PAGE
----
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Brain Stimulation Eases Tourette Tics

By Associate News Editor
Reviewed by John M. Grohol, Psy.D. on December 27, 2012

Brain Stimulation Relieves Tics in Patients with Tourette SyndromePeople with Tourette syndrome experience long-term benefits after receiving a month of daily transcranial magnetic stimulation that targets the supplemental motor area (SMA) of the brain, according to a new study.

Tourette syndrome is an inherited neuropsychiatric disorder, characterized by multiple physical (motor) tics and at least one vocal (phonic) tic. It is considered a part of a spectrum of tic disorders, which includes transient and chronic tics.

“Repetitive transcranial magnetic stimulation (rTMS)… involves repetitive generation of a brief, powerful magnetic field by a small coil positioned over the scalp that induces an electric current in the brain,” said Dr. Nong Xiao of Chongqing Medical University, Yuzhong district, China, and team.

The technique was designed as a noninvasive treatment for several neurological and psychiatric disorders including migraine, stroke, and Parkinson’s disease.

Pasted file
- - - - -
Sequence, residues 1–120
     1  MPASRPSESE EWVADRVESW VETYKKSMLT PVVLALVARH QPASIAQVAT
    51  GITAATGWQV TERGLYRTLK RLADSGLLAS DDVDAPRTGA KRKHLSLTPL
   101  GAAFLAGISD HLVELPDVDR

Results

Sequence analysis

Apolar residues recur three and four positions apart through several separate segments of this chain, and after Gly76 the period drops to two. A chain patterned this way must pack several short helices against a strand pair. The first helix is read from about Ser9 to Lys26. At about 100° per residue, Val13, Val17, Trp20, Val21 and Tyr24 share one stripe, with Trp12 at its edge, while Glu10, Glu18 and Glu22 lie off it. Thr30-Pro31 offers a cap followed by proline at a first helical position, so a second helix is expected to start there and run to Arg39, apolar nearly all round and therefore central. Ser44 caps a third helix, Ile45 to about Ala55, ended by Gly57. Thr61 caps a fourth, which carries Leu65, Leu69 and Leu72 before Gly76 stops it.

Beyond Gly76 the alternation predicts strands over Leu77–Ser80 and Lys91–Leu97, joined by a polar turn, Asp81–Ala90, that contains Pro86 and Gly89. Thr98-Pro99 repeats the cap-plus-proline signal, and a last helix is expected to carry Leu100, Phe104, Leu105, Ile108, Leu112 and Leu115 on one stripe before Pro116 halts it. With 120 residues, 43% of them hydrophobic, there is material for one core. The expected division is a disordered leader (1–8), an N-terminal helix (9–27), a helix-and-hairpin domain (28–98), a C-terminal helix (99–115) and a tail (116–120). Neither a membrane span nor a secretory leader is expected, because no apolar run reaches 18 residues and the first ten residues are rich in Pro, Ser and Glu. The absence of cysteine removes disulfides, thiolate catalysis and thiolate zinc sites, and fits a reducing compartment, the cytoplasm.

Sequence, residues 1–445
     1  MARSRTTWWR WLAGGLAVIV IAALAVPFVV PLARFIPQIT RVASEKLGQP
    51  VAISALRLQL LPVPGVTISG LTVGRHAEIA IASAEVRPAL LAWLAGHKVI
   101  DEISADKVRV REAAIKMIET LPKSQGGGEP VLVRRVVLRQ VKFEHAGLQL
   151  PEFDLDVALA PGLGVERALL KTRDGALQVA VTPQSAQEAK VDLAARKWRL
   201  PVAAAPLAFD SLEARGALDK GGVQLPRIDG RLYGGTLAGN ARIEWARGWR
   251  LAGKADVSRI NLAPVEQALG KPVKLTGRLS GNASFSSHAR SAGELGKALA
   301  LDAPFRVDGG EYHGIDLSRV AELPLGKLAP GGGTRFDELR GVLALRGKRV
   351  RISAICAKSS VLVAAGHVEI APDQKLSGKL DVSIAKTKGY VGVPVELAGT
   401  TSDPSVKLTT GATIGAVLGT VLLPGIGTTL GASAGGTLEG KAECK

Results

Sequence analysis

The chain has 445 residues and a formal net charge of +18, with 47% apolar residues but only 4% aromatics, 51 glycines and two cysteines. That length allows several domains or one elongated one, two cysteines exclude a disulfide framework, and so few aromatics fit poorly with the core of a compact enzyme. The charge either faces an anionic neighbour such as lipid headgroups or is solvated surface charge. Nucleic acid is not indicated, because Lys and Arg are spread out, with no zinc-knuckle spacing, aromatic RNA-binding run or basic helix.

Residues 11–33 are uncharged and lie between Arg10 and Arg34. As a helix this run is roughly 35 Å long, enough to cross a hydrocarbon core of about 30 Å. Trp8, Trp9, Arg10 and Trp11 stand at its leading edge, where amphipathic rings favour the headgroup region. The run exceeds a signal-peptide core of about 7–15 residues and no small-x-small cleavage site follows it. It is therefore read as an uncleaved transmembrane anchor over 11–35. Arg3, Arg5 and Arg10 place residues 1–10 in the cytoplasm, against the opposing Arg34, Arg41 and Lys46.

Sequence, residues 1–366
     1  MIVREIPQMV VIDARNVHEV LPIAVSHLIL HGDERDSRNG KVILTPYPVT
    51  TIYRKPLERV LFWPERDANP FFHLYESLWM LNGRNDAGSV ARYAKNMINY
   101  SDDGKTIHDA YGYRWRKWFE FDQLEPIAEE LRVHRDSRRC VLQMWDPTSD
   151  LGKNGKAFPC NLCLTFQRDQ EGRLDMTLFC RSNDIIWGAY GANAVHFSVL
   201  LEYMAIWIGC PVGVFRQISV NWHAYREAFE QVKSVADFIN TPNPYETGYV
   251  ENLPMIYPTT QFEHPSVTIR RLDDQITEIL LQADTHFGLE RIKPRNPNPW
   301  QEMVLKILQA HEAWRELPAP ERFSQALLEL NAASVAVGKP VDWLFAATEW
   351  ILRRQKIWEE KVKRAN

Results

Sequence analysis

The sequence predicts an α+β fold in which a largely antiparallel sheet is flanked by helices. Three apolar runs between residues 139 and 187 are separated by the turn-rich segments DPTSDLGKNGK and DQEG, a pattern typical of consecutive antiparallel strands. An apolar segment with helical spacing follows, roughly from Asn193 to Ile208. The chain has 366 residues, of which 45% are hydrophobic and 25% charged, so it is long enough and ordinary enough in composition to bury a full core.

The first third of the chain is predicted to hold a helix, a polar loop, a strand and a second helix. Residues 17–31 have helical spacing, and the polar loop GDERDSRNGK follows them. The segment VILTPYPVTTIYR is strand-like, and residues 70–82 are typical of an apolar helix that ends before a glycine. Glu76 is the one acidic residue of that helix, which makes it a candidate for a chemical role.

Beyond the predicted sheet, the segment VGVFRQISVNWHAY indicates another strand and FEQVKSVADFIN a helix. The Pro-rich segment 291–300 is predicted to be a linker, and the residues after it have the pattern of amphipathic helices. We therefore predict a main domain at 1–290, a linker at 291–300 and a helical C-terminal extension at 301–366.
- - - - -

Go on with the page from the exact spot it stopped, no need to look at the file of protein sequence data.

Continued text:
For the study, researchers tested the capacity of low-frequency 1 Hz rTMS applied daily (Monday-Friday) over four weeks in treating motor and speech neurological tics in patients with Tourette syndrome. The basis for this was that low-frequency rTMS inhibits and high-frequency rTMS promotes cortical excitability.

The study included 25 children under the age of 16. After four weeks of treatment, the researchers observed no improvements in tic symptoms in six children.  However, in 19 children, they saw significant improvements in tic symptoms that lasted until three  months, and until six months in 17 children (68 percent).

On average, significant reductions were seen in the scores obtained on various tests by the children at four weeks compared with baseline.

“Low-frequency (1 Hz) rTMS to the SMA significantly improved Tourette syndrome symptoms, suggesting that it is effective on tics, hyperactivity, attention deficit, depression and anxiety in children with Tourette syndrome,” said Xiao and colleagues in the Journal of Clinical Neuroscience.

“These collective results suggest the need for further studies using rTMS as a research and clinical therapeutic tool in psychiatric and neurological diseases, with particular attention to patients with Tourette syndrome.”

Source: Journal of Clinical Neuroscience

 

APA Reference
Pedersen, T. (2012). Brain Stimulation Eases Tourette Tics. Psych Central. Retrieved on August 28, 2014, from http://psychcentral.com/news/2012/12/27/brain-stimulation-eases-tourette-tics/49691.html

 

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